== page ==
Film, DVD, Blu-Ray & Streaming Reviews - By Fans For Fans



 Directed by Timo Vuorensola.
Starring Sydney Craven, Imran Adams, Jarreau Benjamin, Matt Barkley, Dee Wallace, Gary Graham.
Horror, UK/US/Finland, 88 mins, cert 15.


Released in the UK on Blu-ray, DVD & Digital via 101 Films on 10th October 2022.


Okay, let’s get the elephant in the room out of the way – JEEPERS CREEPERS: REBORN is the fourth movie in the horror franchise and has nothing to do with the series’ original creator. It is always going to be a controversial issue but whatever your stance on it, the original JEEPERS CREEPERS was a popular movie and, thanks to when it came out, was perfectly placed to be a key entry-level horror movie in many a young genre fan’s education. Main villain The Creeper was one of the more interesting horror characters in a post-Freddy and Jason landscape, and if there is money to be squeezed out of a franchise then somebody is going to do it as there will be an audience.


All of which makes it a bit baffling as to why we’ve ended up with the movie that we have, as given the chance to reboot after the atrocious JEEPERS CREEPERS 3 you would at least expect something with production values higher than that of an early 2000s pop music video, but for some reason somebody signed off on a movie with more green screen than it has plot or anything memorable.


So, after the best scene in the movie, which sees The Creeper (Jarreau Benjamin) ripping his way out of a moth-like chrysalis, we begin in a similar fashion to the original movie, with a couple driving down a rural county road and getting tailgated by a huge menacing truck driven by The Creeper. In this case the couple are played by Dee Wallace and Gary Graham, therefore older than the usual teenage cannon fodder and so you would expect them to make sensible decisions but no, because after witnessing The Creeper dispose of a dead body down a rubbish chute they decide that they absolutely must investigate because it is the good ol’ Christian thing to do.


Of course, they regret that decision and then the focus shifts to our new bunch of young victims, and straight away it is obvious the days of sympathetic and likeable characters that you root for have gone as Laine (Sydney Craven) and Chase (Imran Adams) immediately make you wish they were the couple in the opening sting and that Dee Wallace was still in the movie. Liane and Chase are on their way to a Horror Hound carnival, and when they get there they win the chance to enter a Creeper-themed escape room, because in this universe The Creeper is a well-known legend that the whole town seems to be aware of and just accepts the fact that a moth-like creature comes to life every twenty-three years and goes on a twenty-three-day killing spree. In fact, so much in the public consciousness is The Creeper that a cult has built up around it and, thanks to Laine being pregnant, she becomes the creature’s primary target because… well, because she’s pregnant so that means something apparently; it is called REBORN after all, although that doesn’t mean much as the script is as vague as the actor’s sense of place when it comes to acting (sort of) against those ever-present green screens.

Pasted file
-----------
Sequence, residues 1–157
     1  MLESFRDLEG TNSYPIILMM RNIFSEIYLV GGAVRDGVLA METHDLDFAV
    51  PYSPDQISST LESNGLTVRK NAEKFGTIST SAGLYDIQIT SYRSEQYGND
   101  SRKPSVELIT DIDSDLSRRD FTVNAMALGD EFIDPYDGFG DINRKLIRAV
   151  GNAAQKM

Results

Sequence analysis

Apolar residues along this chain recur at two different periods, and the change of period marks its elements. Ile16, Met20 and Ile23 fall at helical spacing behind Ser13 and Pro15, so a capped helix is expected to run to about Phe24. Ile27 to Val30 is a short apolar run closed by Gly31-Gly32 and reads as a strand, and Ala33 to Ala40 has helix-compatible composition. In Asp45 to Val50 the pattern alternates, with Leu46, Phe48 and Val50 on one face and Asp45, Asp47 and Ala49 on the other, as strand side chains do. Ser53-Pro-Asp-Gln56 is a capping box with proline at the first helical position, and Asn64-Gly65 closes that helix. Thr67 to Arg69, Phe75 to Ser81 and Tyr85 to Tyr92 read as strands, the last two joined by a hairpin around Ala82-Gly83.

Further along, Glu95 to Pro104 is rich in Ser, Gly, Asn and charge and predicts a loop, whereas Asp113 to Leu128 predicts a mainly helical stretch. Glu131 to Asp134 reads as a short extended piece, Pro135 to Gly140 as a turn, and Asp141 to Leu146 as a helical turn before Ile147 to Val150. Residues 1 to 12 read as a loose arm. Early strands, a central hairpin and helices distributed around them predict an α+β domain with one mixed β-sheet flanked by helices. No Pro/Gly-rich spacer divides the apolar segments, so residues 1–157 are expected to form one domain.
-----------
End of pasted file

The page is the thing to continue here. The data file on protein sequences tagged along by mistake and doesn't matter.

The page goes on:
And that is basically it, as Laine, Chase and a few rag-tag characters try and leave the escape room without becoming victim to The Creeper, who has undergone something of a makeover since its previous incarnation. Whatever your thoughts or opinions on the original movies and their quality, the strongest element was always The Creeper itself and just how awesome it looked in most of the action scenes, but here we have Creeper-lite, its face resembling a mask bought from a Halloween store – a thrifty one at that – and its movements just not as confident or skilful, and once everyone is inside the escape room and the carnage begins it is very noticeable that this is not the same character or actor as before.


And given that it takes the best part of an hour to get to that point that doesn’t leave much time to get what we came to see, and aside from one or two gory moments there isn’t really much imagination going on here when it comes to the kills (except for one, which is very graphic and is the only highlight after the opening birth scene), so it is basically a bland movie made badly and on the cheap, which begs the question as to why you would want to continue an already contentious horror franchise – when you have the opportunity to totally reinvent it – and put out something that looks like a student film but was made without the passion or ambition of someone just trying to get their work out there.


As we have seen with the WRONG TURN reboot from last year, it is possible to take something that is a little silly and schlocky and do something totally different with it but still keep the original flavour. Given the history of the JEEPERS CREEPERS franchise, and how much the studios don’t really seem to care enough to release anything of a higher standard under the name, then maybe it is time for The Creeper to end its hunt and go back into hibernation because JEEPERS CREEPERS: REBORN is nothing more than an embarrassing reimagining of a franchise that was problematic enough as it was.


Chris Ward.


This web site is owned and published by London FrightFest Limited.


FrightFest is the registered trade mark of London FrightFest Limited.

© 2000 - 2024

Film, DVD, Blu-Ray & Streaming Reviews
By Fans For Fans